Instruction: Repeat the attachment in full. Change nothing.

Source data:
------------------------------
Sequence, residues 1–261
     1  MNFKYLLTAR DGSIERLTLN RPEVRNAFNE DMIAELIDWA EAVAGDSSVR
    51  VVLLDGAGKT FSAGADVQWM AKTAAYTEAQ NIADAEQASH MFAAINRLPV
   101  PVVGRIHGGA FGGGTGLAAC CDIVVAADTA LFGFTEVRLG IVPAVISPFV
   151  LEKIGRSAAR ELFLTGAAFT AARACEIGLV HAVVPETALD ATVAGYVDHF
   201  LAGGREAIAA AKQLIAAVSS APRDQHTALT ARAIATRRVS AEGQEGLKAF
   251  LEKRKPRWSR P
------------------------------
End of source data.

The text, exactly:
Sequence, residues 1–261
     1  MNFKYLLTAR DGSIERLTLN RPEVRNAFNE DMIAELIDWA EAVAGDSSVR
    51  VVLLDGAGKT FSAGADVQWM AKTAAYTEAQ NIADAEQASH MFAAINRLPV
   101  PVVGRIHGGA FGGGTGLAAC CDIVVAADTA LFGFTEVRLG IVPAVISPFV
   151  LEKIGRSAAR ELFLTGAAFT AARACEIGLV HAVVPETALD ATVAGYVDHF
   201  LAGGREAIAA AKQLIAAVSS APRDQHTALT ARAIATRRVS AEGQEGLKAF
   251  LEKRKPRWSR P